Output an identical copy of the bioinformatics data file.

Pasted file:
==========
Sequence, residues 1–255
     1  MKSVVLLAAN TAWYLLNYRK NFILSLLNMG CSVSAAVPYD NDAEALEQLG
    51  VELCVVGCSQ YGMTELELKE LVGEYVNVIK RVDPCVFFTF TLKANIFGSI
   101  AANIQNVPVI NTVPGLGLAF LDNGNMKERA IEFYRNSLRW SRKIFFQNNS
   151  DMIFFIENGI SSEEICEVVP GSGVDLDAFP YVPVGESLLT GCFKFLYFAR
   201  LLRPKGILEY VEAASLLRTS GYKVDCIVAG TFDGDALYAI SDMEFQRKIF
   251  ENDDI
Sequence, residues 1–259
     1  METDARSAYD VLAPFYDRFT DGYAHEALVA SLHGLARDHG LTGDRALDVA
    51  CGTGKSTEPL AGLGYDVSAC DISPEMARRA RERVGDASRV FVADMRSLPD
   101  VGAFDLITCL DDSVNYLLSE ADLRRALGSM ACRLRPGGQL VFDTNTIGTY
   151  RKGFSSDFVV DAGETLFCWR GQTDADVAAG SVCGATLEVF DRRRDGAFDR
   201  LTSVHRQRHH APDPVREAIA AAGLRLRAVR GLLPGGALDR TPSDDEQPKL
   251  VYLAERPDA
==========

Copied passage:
Sequence, residues 1–255
     1  MKSVVLLAAN TAWYLLNYRK NFILSLLNMG CSVSAAVPYD NDAEALEQLG
    51  VELCVVGCSQ YGMTELELKE LVGEYVNVIK RVDPCVFFTF TLKANIFGSI
   101  AANIQNVPVI NTVPGLGLAF LDNGNMKERA IEFYRNSLRW SRKIFFQNNS
   151  DMIFFIENGI SSEEICEVVP GSGVDLDAFP YVPVGESLLT GCFKFLYFAR
   201  LLRPKGILEY VEAASLLRTS GYKVDCIVAG TFDGDALYAI SDMEFQRKIF
   251  ENDDI
Sequence, residues 1–259
     1  METDARSAYD VLAPFYDRFT DGYAHEALVA SLHGLARDHG LTGDRALDVA
    51  CGTGKSTEPL AGLGYDVSAC DISPEMARRA RERVGDASRV FVADMRSLPD
   101  VGAFDLITCL DDSVNYLLSE ADLRRALGSM ACRLRPGGQL VFDTNTIGTY
   151  RKGFSSDFVV DAGETLFCWR GQTDADVAAG SVCGATLEVF DRRRDGAFDR
   201  LTSVHRQRHH APDPVREAIA AAGLRLRAVR GLLPGGALDR TPSDDEQPKL
   251  VYLAERPDA